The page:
INDIANAPOLIS — It was a busy day at the Statehouse as lawmakers passed 30 bills that will now be taken up by lawmakers in the House.
Those bills dealt with several issues, including a process for filing a complaint about a book in a school library that a parent thought was inappropriate.
“Senate Bill 12 has three components,” said the bill’s author, Sen. Jim Tomes, R-District 49. “Parents, children and books. Really, really really bad books.”
The bill would set up a process for parents to bring a complaint about a school library book they believe is inappropriate, and for the school to make a decision about that book.
“This allows for the parents that can immediately go and react to a school board or someone in the education system if their child comes up with one of these books,” Tomes explained.
Some lawmakers questioned what would define "inappropriate," saying what might be inappropriate to some parents might not be to others.
Tomes said brought two books which he offered to show anyone who wanted to see them. He said he got the books from Hoosier parents who found them at their child’s school library and that they contained pornography.
Another point of contention is that the bill would remove a school library’s legal defense if it was accused of providing material harmful to minors. Under current law, educational institutions are protected from such an accusation.
Lawmakers who opposed SB 12 said it would have a chilling effect on teachers and school librarians.
“Remove these books or we’ll have you arrested. Remove these books or we’ll inundate your school with complaints. I would have never thought as a member of this chamber, I’d be voting against putting librarians in jail,” said Sen. Rodney Pol, D-District 4.
SB 12 passed 37-12.
Another bill that was voted on and passed is Senate Bill 72, which deals with schools reporting whether kids are being taught cursive writing and in what grades.
There was also Senate Bill 233, which passed. It would establish a task force to study pedestrian and driving safety in Indiana.
Another bill that’s headed to the House, Senate Bill 268 would prohibit Indiana’s Public Retirement System from investing in investment products controlled by China.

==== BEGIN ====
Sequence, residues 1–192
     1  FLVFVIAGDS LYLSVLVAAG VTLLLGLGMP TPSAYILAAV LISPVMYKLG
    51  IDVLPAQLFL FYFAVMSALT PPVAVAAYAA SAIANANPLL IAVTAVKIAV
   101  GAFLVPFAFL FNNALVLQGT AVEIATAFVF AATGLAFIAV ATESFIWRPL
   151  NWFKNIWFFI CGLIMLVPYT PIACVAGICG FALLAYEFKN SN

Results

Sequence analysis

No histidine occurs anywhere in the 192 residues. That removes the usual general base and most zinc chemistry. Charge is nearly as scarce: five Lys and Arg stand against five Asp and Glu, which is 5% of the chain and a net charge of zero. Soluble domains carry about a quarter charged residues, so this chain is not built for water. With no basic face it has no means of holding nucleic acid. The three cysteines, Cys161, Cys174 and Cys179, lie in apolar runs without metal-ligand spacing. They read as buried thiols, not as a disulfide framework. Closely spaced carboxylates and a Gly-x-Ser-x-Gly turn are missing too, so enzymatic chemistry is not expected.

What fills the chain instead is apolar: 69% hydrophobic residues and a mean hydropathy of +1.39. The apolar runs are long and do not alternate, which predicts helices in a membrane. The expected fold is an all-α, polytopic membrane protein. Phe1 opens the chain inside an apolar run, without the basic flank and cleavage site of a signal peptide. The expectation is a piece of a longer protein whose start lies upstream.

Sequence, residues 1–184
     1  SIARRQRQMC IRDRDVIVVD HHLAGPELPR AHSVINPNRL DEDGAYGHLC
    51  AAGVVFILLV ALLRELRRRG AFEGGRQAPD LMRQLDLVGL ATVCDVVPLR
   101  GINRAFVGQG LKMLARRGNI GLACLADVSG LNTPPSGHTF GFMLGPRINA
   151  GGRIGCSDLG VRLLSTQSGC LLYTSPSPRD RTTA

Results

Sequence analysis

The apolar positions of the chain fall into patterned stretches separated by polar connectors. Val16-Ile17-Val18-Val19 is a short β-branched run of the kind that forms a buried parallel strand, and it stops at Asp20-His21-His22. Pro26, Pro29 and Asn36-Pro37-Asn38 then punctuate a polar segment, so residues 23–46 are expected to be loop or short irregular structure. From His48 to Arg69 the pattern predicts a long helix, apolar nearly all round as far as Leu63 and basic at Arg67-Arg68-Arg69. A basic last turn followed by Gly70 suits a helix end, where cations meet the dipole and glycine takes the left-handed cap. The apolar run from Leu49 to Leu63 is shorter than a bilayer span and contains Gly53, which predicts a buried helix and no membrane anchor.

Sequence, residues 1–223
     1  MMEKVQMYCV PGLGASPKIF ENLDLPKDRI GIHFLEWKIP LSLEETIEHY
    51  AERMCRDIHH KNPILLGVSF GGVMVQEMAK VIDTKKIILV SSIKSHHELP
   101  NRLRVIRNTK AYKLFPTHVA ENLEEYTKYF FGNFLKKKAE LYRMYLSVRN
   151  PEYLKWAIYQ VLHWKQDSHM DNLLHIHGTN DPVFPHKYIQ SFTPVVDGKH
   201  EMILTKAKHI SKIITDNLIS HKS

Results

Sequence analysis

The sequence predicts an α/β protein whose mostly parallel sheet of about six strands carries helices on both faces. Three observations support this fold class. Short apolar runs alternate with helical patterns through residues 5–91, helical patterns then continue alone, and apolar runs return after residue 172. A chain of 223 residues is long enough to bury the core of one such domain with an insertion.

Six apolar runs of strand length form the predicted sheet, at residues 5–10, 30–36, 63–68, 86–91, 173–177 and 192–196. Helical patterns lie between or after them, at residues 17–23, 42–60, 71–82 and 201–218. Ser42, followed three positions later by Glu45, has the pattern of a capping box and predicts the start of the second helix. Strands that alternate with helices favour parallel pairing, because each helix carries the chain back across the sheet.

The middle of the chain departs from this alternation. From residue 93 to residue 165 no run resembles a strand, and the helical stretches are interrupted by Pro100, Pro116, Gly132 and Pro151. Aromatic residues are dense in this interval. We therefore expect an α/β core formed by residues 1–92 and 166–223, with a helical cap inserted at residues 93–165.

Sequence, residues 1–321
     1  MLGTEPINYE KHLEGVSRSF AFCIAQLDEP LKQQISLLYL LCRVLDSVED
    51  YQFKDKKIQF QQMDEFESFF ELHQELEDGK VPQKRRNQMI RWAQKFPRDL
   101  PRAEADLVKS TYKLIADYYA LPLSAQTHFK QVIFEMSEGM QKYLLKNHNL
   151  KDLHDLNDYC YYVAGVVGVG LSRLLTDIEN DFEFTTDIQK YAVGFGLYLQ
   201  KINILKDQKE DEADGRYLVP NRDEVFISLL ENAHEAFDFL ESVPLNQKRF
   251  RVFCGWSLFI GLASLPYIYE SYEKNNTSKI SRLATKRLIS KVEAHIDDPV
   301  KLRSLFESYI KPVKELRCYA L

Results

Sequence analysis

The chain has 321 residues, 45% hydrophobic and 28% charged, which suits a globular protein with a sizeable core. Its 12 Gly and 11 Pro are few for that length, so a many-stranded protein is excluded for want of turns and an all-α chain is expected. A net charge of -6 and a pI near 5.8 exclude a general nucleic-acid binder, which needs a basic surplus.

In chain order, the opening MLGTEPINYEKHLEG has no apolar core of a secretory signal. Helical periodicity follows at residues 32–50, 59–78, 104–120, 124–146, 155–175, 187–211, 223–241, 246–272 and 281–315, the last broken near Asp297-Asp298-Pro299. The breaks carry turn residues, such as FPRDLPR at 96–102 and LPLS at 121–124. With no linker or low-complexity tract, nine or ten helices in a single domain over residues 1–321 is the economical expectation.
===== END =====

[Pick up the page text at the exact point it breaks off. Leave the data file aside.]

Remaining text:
The Senate also unanimously voted to pass Senate Bill 161, which would prohibit someone from using a remote tracking device to follow someone without their knowledge.
The final bill voted on Tuesday was Senate Bill 480. It would prohibit doctors from performing gender-affirming care for transgender kids under 18, even if their parents are on board. That care would include surgeries which are not performed on anyone under 18 in Indiana, as well as prescribing puberty blockers or hormones.
Supporters of SB 480 say it protects kids from making a decision they may regret later in life.
Those against it say the decision for kids to get this kind of care should be up to parents, not lawmakers.
“This bill’s the right thing to do,” said Sen. Tyler Johnson, R-District 14, the bill’s author. “This bill is common sense public policy to protect Hoosier children from unproven, irreversible and life-altering procedures.”
“Parents have medical rights,” said Sen. Andrea Hunley, D-District 46 when she spoke about SB 480. “I see this very much as a parental rights bill. I see this as a bill that allows parents, or it should allow parents, to maintain autonomy over what happens in the doctor’s office and not have state intervention over that."
“This is not good public policy and it’s not compassionate. Those are two things 480 is not,” said Sen. Shelli Yoder, D-District 40, who also opposed the bill.
It passed the Senate on a 36-12 vote.